We are on our way back from TEDWomen2018, still under the spell of 3 days packed with stories and big ideas shared by inspiring women and men, surrounded by Palm Spring mountains and desert. This was our second time attending TEDWomen, and this year we were with Cathy, one of our friends of ellpha.  

Like last year, we wanted to share highlights with you. We hope you will have a little time to watch some of the talks we enjoyed the most. Those are not published yet for the most part but they will be in the next few weeks, just stay tuned on www.ted.com, and keep an eye on the below amazing speakers.

Ellpha TED highlights

This year, TEDWomen18 big theme was ‘Showing Up’. Here are the 3 biggest and boldest topics and related talks which inspired us the most.

1-Women play a big role in addressing world’s big issues, from global warming, to dementia and drug addiction

-Katherine Wilkinson, writer and environmentalist and part of project Drawdown, made the case that gender equality can (and will!) help solve global warming. Find her talk here.

-Kotchakorn Voraakhom, architect, worries about our sinking cities and designs beautiful urban landscapes to address climate change, taming flood and water level increasing in Bangkok. Find her talk here.

-Yvonne Van Amerongen, biologist, founded Hogewey Dementia Village, and is transforming the aging experience for people with dementia, giving them a good life.Talk is not yet published as of 16/2/2019, just stay tuned on www.ted.com as it will be in the next few weeks.

-Shohini Ghose, Physicist, in a simple ‘light bulb’ moment, discussed the power of uncertainty and the potential of Quantum computing. Find her talk here.

-Jan Rader, humanitarian warrior and Fire Chief in Virginia, is combatting Opioid addiction in the city of Huntington. Find her talk here.

2- It is time to redefine gender and move away from a simplistic binary definition of gender

-Emily Quinn, intersex activist, argues that we cannot put people in a box based on their genitalias and that there is much variety in biological sex than basic male and female. Find her talk here.

-Karissa Sanbonmatsu- structural biologist who studies DNA– is on a deeply personal quest to understand what is the make-up of gender in our genes and suggests that biological sex and brain might develop separately in the womb. Find her talk here.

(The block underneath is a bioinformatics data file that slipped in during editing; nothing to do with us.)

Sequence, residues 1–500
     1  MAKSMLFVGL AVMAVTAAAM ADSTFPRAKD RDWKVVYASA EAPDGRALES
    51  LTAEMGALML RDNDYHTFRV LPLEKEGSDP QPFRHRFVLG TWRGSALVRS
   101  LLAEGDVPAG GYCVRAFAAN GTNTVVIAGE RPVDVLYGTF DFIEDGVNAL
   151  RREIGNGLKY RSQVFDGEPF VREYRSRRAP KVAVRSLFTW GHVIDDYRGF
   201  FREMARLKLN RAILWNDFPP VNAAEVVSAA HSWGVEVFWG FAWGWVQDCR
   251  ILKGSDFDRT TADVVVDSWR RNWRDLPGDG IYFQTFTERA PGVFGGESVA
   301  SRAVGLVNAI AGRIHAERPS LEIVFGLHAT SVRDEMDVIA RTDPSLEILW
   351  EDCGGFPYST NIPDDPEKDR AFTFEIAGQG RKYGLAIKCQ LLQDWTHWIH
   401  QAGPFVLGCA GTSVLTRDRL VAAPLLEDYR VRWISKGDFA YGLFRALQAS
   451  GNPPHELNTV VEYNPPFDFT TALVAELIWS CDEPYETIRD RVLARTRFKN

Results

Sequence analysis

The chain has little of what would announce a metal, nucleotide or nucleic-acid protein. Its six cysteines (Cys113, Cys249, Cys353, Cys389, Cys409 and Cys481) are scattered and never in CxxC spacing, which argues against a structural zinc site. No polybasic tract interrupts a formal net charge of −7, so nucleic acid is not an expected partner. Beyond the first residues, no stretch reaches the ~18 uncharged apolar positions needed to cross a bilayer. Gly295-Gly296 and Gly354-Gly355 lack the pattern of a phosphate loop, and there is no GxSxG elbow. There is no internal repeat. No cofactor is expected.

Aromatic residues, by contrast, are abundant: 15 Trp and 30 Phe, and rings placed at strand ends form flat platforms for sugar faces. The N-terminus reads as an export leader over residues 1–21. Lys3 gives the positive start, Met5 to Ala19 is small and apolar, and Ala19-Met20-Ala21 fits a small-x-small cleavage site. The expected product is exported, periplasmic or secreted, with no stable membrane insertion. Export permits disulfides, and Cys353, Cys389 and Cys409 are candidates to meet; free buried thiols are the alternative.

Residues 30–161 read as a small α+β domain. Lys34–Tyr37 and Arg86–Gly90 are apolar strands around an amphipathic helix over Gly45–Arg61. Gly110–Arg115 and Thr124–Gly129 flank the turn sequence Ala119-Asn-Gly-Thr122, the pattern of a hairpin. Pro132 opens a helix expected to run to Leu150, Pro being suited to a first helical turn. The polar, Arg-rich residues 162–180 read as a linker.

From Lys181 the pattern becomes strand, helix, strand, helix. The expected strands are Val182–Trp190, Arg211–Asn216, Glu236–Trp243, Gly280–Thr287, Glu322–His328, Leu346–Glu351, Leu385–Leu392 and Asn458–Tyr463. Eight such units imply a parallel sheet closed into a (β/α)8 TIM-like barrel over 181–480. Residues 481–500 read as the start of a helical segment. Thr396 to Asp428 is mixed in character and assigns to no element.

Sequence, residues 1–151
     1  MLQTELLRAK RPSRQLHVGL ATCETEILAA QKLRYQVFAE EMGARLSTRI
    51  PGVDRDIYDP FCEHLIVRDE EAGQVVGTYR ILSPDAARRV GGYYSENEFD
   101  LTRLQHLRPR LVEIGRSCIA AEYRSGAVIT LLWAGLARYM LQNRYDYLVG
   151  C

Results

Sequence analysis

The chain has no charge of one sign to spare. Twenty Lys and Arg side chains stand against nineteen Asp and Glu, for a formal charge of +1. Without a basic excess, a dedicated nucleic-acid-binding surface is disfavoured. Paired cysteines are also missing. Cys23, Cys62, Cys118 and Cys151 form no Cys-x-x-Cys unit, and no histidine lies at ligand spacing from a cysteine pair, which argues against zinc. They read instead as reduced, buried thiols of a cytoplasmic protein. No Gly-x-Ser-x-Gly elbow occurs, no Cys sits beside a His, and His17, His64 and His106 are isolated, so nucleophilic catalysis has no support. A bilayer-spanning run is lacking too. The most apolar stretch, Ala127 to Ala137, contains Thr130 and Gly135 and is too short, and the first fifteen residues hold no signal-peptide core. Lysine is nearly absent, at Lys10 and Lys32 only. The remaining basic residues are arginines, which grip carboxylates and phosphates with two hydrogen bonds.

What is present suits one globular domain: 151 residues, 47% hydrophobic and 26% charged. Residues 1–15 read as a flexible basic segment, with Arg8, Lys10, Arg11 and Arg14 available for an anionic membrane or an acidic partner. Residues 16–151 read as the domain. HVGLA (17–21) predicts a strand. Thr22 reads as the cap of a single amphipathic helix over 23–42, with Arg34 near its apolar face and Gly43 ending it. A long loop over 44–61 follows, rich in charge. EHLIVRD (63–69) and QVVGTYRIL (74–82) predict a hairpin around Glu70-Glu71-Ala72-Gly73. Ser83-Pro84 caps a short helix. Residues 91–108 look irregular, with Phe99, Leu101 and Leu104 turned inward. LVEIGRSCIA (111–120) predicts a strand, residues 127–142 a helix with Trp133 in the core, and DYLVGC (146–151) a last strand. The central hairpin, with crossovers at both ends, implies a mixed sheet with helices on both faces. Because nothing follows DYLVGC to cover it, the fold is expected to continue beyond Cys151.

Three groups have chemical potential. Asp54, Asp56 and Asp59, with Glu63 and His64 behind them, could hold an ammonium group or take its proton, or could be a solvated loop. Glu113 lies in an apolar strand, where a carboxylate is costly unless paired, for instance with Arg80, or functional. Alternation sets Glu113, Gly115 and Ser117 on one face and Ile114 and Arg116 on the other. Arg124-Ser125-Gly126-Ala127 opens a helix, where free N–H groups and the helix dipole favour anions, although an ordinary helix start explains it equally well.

-Paula Stone Williams and her son Jonathan Williams, in a story of redemption, shared the complex story of Paula’s transition from male to female. Find their talk here.

3- Education & leadership transforms lives of women and men and creates freedom

-Kakenya Ntaiya’s dream created a school and opportunities for Maasai girls, her local village. She is transforming the mindset of her community and teaching girls and boys about gender equality and human rights. Find her talk here.

-Ariana Curtis, curator of the Smithsonian Latino center, is changing the narrative of women in history to embrace the remarkable and the quotidian of all women. Find her talk here.

-Shad Begum, is working on strengthening women’s leadership in Pakistan and getting them to increase their representation in local government. Find her talk here.

Special TED moments

Our time at TEDWomen18 were punctuated by dazzling performances of women, like poetry and song with Climbing PoetTree and percussions with Simona Abdallah. Do check them out.

Beyond the big issues discussed, the two below talks lifted our spirits:

-Sustainability lessons from the sloth, by zoologist Lucy Cooke, a fun talk on this strange and misunderstood animal.

-Explorations on colour, race and space, by artist Amanda Williams who redefines her own colour palette into her Chicago neighborhood.

Why those talks & recommendations?

Because they moved us deeply, blew our mind in some cases, and generated new thoughts and ideas. This is of course just our very personal curated list out of 40+ fabulous talks which all deserve to be seen at some point. Watch them and let’s discuss!

Ellpha take-ways on the gender gap

At the heart of TEDWomen, increasing women’s participation across politics, the economy and the civil life is more than ever a burning platform, resonant with ellpha’s big vision.

During TED, the BCG hosted a workshop on diversity in the workplace and acknowledged that progress is far too slow, whilst data continues to pile up to confirm business benefits of increasing gender diversity in the enterprise (see refreshed BCG data points here). BCG also shared some interesting new research around the challenge of dual careers, as well as highlighted trends in the EU, where increasing diversity is becoming a compliance issue.

It is clear that, in the enterprise, in the US and beyond, increasing gender diversity is still a problem in search of a clear a solution. It is also worth noting that AI and bias risk amplification through AI – one of the topic ellpha has researched extensively and cares about - was present in some of the TED conversations and in one of the talks but, in our view, addressed too superficially.

Following this trip, and a number of key meetings with various stakeholders in San Francisco and at TED, we are comforted in the potential of ellpha, as we continue to work on developing solutions to make bias visible. 

We have made some great connections including potential partners, funders, friends and supporters of our ellpha journey.  

Stay tuned for more information on some of the exciting next steps ahead of us.


Brigitte & Stéphanie


PJ: The proof we indeed did ‘Show Up’ at TEDWomen18